Leonidas Lawyers can assist you with the four types of Powers of Attorney used in Victoria.
General Power of Attorney
Used to appoint someone, to make financial or legal decisions for you, usually for a specific period of time. For example, can be used when you need someone to manage your affairs while you are overseas. The appointment is no longer valid should you lose your legal capacity.
Enduring Power of Attorney (Financial)
Used to appoint someone to make financial or legal decisions for you, for example these can include managing matters such as banking, rental of property, and paying bills. The time at which the power takes effect can be specified in the form, as can conditions of the decisions the attorney can make. It is called “Enduring” as it continues even if the individual who granted is unable any more to make such decisions for themselves.
Enduring Power of Attorney (Medical Treatment)
Used to appoint someone to make medical decisions for you, for example these can include agreeing to medication, surgery and other medical procedures. The time at which the power takes effect can be specified in the form, as can conditions of the decisions the attorney can make. It is called “Enduring” as it continues even if the individual who granted is unable any more to make such decisions for themselves.
Enduring Power of Guardianship
Used to appoint someone to make personal and lifestyle decisions for you, for example like where you live and the health care you receive. The time at which the power takes effect is when you are unable to make decisions. It is called “Enduring” as it continues even if the individual who granted is unable any more to make such decisions for themselves.
Deciding Who to Appoint
This needs to be your decision, and only your decision. Ideally you should appoint someone who you believe is trustworthy and who both knows you well enough, and is objective enough, to make the decisions that are best for you. With a General Power of Attorney and an Enduring Power of Attorney (Financial) you can appoint more than one person and stipulate, if you wish, that both of them have to agree for their decisions to be valid.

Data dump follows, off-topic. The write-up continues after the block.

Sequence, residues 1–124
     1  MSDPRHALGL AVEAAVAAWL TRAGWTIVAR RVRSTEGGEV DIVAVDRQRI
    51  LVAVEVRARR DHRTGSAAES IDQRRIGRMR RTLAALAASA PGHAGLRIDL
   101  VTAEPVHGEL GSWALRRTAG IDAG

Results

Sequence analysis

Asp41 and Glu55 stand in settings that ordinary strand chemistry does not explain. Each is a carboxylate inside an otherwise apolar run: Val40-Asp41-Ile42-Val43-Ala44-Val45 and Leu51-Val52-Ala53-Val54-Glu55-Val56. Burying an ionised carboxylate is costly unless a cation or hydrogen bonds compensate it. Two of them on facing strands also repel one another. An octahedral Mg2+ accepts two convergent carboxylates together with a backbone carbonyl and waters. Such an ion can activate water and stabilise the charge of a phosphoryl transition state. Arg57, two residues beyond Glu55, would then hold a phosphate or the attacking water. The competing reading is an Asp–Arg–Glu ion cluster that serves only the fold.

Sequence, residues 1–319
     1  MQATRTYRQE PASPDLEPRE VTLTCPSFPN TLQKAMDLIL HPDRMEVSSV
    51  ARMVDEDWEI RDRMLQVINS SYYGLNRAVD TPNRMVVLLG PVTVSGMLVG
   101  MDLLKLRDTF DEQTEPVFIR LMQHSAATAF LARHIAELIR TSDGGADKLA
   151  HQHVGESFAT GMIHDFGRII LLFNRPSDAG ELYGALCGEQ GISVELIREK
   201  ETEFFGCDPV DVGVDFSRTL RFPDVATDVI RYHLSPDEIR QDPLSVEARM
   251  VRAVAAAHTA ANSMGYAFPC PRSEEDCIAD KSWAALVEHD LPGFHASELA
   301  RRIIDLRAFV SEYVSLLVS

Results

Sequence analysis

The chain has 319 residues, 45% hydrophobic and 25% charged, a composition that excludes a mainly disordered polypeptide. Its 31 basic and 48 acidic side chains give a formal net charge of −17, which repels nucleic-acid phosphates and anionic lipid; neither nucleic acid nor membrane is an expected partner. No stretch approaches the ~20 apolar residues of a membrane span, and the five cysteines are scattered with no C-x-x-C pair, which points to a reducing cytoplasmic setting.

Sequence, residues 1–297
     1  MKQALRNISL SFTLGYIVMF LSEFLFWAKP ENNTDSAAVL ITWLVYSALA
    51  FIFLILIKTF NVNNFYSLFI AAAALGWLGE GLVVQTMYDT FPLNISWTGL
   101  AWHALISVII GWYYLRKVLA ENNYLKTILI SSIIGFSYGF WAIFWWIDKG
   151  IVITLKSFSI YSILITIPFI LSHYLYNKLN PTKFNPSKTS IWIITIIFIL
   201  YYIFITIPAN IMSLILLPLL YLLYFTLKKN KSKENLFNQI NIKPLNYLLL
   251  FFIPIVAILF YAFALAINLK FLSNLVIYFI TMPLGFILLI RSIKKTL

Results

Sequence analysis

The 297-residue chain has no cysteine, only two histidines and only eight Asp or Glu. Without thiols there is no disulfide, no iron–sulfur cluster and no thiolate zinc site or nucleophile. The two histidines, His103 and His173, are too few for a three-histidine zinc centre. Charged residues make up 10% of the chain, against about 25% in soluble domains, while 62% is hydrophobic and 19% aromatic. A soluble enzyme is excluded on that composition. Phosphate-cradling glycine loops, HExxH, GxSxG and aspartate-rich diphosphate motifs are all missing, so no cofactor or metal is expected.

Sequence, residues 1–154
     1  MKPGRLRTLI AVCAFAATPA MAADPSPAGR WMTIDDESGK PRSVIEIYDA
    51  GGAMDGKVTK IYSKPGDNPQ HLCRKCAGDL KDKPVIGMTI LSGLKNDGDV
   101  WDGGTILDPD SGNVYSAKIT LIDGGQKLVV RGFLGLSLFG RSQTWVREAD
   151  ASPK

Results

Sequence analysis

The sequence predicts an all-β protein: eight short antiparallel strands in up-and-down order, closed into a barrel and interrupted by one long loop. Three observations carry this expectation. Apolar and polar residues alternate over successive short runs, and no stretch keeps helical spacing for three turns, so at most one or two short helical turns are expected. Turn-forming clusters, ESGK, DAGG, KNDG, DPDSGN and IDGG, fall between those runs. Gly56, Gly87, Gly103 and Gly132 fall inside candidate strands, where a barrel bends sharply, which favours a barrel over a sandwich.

What are the legal responsibilities of my Attorney?
They are legally responsible to you and must act in your best interests. While you have mental capacity they must obey your instructions. They cannot give gifts to themselves or to anyone else unless you specifically authorise this and they must keep their finances and money separate from yours, keeping accurate records of all of their dealings with your money.
Revoking the Appointment
You can revoke the appointment by telling the attorney or guardian that their power is withdrawn, and by destroying the document and any copies.
Who can make
Anyone over the age of 18 who has the capacity to understand the nature and consequences of the document, who makes the decisions in the document of their own free will and who can communicate clearly what those decisions are.
When should I make
Before you need them! These documents safeguard your interests in the event of something unforeseen – an accident or illness that robs you of your capacity to make decisions for yourself. It is better to be prepared and confident in knowing that the person you choose will be making important decisions about your money, your living arrangements and your health.
When does it start?
For a Power of Attorney (Financial) it begins when you nominate that it should. Powers of Attorney (Medical Treatment) and Powers of Attorney (Guardianship) only commence when you are unable to make your own decisions. It’s really important that you discuss these documents with a lawyer who can give you professional advice about your particular circumstances. It’s also vital that you discuss your wishes with your family to avoid unnecessary conflict and stress.
Do I need a witness?
Yes, these documents need to be witnessed by a person with statutory authority such as a solicitor or Notary Public.
Can I change my mind?
Yes, as long as you still have the decision making capacity to do so you can revoke or change these documents. This has to be done in a legally binding way, however, so please seek legal advice.